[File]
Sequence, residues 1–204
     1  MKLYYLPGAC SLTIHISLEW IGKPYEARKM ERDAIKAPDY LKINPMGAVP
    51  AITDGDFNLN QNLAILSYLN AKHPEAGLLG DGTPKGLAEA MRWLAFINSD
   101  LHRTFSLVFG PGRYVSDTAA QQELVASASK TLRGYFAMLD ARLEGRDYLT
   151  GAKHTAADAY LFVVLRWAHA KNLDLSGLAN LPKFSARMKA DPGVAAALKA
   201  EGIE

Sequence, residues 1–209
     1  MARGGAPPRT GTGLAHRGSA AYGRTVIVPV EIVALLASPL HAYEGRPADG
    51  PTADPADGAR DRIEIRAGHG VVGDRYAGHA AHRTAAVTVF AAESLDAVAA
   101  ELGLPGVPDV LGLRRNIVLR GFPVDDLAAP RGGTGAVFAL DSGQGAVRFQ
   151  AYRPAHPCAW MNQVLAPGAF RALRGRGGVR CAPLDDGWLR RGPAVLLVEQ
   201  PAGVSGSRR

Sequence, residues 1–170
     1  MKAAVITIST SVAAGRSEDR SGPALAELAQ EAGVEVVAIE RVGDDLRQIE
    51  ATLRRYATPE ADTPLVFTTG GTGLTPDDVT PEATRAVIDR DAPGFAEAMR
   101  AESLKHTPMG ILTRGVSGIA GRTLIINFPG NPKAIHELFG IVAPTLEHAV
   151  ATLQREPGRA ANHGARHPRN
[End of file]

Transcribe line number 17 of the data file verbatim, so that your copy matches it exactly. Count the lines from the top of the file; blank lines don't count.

   151  ATLQREPGRA ANHGARHPRN